We hear from a lot of intermediate level swimmers who have been diligently working on improving their stroke technique but are having trouble lifting their stroke rate to where they would like it to be. You might have found that by speeding up slightly using a Wetronome or Tempo Trainer Pro you're finding it too hard work to sustain.

Try this exercise and see if it helps. You don't need a beeper for it but it's more powerful experience if you have one.

Scull And Beep

1) Take your beeper and set it to 5 strokes per minute higher than your natural stroke rate. So if you naturally swim around 55 SPM, set it to 60 SPM. Use your numbers - not anyone else's! Put the beeper under your swim cap so you can hear it but ignore it for the moment.

2) Put a pull buoy between your legs and perform our Scull #1 drill:

The point of sculling is to get a feel for the water on the palms of your hands in a good catch position, as if they were in the middle of the catch phase of the stroke. During the drill, the hands are facing slightly outwards as they travel out and slightly inwards as they travel in. This is a bit like mixing hot and cold water in the bath, you can feel the light pressure on your palm as you do so:

This may seem like a strange thing to be doing but it is actually a very powerful exercise for improving your catch technique. The key - as in a good catch - is to make sure your fingertips are lower than your wrist and your wrist is lower than your elbow at all times, as in the pictures above. In this way your palms' pressure on the water is slightly backwards, which will move you forwards. If you don't go anywhere, check you're not sculling flat with your palm facing downwards or even forwards (you'll go backwards!) :

Facing your palm forwards like this is something that Overgliders tend to do in their stroke at the front, often feeling an increased pressure on the palm of the hand and perceiving that as a good catch. For this reason, many Overgliders struggle with sculling.

This isn't an easy drill, it can take a while to get the feel of it and even great swimmers will only move slowly through the water when sculling. That's OK, don't tense up and forget to breath, keep your breathing smooth and relaxed. Also resist the urge to kick at all with your legs, that's very much cheating! :)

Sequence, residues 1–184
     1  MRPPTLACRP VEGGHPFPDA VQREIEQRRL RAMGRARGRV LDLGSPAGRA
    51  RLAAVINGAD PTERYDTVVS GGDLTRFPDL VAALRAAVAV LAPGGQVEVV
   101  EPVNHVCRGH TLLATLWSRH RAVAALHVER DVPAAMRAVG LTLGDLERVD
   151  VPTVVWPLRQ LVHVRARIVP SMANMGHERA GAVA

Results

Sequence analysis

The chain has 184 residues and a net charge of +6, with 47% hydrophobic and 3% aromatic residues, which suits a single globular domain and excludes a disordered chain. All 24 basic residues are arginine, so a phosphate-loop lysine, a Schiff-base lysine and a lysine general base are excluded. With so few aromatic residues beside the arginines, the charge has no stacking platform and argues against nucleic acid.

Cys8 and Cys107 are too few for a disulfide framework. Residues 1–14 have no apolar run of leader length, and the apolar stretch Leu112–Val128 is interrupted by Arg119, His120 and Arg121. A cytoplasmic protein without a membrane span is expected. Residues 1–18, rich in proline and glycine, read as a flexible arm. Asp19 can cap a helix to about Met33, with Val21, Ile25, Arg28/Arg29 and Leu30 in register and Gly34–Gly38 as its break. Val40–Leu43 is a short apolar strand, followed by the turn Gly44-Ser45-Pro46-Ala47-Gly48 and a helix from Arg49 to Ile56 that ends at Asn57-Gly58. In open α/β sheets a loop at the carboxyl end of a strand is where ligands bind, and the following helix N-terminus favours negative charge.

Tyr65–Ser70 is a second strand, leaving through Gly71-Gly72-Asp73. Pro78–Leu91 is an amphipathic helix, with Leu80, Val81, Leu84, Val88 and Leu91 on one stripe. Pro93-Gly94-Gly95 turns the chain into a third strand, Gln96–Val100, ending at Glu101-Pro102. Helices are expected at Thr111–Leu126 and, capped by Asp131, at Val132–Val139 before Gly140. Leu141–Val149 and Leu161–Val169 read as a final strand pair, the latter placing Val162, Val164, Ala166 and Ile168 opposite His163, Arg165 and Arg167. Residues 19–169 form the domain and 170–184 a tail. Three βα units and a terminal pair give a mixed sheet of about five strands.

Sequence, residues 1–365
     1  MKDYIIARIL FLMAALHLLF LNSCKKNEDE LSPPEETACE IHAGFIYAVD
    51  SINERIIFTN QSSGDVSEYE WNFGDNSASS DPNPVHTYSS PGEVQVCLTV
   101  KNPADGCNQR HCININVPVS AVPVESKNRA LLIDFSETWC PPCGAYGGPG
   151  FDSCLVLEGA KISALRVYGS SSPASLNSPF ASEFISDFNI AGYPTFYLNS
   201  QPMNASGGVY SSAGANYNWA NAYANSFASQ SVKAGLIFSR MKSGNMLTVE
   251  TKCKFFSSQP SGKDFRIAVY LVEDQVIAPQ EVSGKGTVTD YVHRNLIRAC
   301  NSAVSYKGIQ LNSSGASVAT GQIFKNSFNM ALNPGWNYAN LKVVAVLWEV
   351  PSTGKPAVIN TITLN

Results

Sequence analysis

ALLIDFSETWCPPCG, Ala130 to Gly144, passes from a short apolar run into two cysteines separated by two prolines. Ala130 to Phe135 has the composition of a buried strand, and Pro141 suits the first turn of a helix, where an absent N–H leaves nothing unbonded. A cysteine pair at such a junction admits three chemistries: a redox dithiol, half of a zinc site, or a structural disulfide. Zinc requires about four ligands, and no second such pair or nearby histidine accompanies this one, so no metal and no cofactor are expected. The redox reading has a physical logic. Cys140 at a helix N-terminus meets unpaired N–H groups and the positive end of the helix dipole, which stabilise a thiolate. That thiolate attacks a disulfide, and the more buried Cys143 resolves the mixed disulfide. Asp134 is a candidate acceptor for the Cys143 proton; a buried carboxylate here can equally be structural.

3) Once you get the feel of the drill, start a fresh lap and perform Scull #1 for around 15m. Then, keeping the pull buoy between your legs, immediately transition into full freestyle thinking about lightly pressing the water backwards to the wall behind you and timing your stroke to the beeper. If you don't have a beeper to follow, become aware of your stroke rate and how fast you perceive your rhythm to be.

How does it feel? Our prediction is that it will feel a lot easier to maintain that higher stroke rate as you transition into your freestyle. This really highlights the link between a good catch technique and good rhythm in the stroke: improve your catch and your rhythm will naturally increase. Interestingly, this cuts both ways, try and slow your stroke down artificially and you normally harm your catch technique, this is the Overglider scenario we mentioned above and something we always try to avoid here at Swim Smooth.

What you might find is that you can easily sustain the faster rhythm of your stroke at first and it feels great but the effect gradually wears off after 25 to 100m of swimming with it. That's normal, it's just a sign that you're slipping back to your old catch timing. Keep working on this part of your stroke and as your body gets used to the movement you will be able to swim further and further using it.

Let us know how you go with this exercise by posting on the comments on this blog (click here and go to the bottom to post).

Next week we're going to look at the results of an important study from the University of Texas into the stroke rates of swimmers and their efficiency through the water. It's not too technical and we think you'll find the implications of it very interesting for your own swimming!

Swim Smooth!

PS. If you wish to understand why this exercise works, see Adam Young's post on our forum here: Or read the chapter in our book about developing your catch technique (especially page 91).

The Other Reason You're Faster With A Pull Buoy